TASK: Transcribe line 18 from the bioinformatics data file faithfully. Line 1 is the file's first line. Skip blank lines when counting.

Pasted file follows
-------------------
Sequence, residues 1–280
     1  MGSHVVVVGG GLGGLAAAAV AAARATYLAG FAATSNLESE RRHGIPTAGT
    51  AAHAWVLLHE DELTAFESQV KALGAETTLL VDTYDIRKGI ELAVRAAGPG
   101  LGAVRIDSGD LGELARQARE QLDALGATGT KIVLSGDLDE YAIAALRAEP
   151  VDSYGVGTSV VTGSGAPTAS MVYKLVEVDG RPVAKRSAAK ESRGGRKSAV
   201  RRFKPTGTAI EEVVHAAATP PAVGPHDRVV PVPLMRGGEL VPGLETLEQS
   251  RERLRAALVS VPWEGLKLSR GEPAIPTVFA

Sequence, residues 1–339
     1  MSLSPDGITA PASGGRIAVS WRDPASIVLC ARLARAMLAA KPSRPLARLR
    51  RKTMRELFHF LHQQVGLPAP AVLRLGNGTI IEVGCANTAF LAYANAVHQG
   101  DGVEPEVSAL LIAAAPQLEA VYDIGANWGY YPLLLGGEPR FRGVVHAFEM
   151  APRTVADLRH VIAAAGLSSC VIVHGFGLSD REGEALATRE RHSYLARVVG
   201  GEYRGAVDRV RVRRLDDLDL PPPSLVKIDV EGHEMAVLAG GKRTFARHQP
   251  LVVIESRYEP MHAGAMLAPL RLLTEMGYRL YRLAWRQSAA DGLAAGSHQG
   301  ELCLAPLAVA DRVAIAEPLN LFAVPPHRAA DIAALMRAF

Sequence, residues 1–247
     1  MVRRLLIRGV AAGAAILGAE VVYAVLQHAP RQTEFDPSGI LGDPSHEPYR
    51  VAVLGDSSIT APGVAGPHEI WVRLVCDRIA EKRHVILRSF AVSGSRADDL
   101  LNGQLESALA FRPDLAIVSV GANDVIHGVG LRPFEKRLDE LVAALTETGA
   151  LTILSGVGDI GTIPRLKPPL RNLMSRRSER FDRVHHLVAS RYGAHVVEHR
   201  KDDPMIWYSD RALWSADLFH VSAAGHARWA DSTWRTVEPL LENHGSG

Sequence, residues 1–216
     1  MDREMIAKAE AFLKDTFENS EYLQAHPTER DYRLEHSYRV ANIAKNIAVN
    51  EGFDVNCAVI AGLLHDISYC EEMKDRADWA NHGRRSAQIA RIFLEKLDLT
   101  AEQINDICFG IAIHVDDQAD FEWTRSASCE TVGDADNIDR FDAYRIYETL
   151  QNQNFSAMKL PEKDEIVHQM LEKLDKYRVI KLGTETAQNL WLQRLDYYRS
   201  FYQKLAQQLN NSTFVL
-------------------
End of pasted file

    51  VAVLGDSSIT APGVAGPHEI WVRLVCDRIA EKRHVILRSF AVSGSRADDL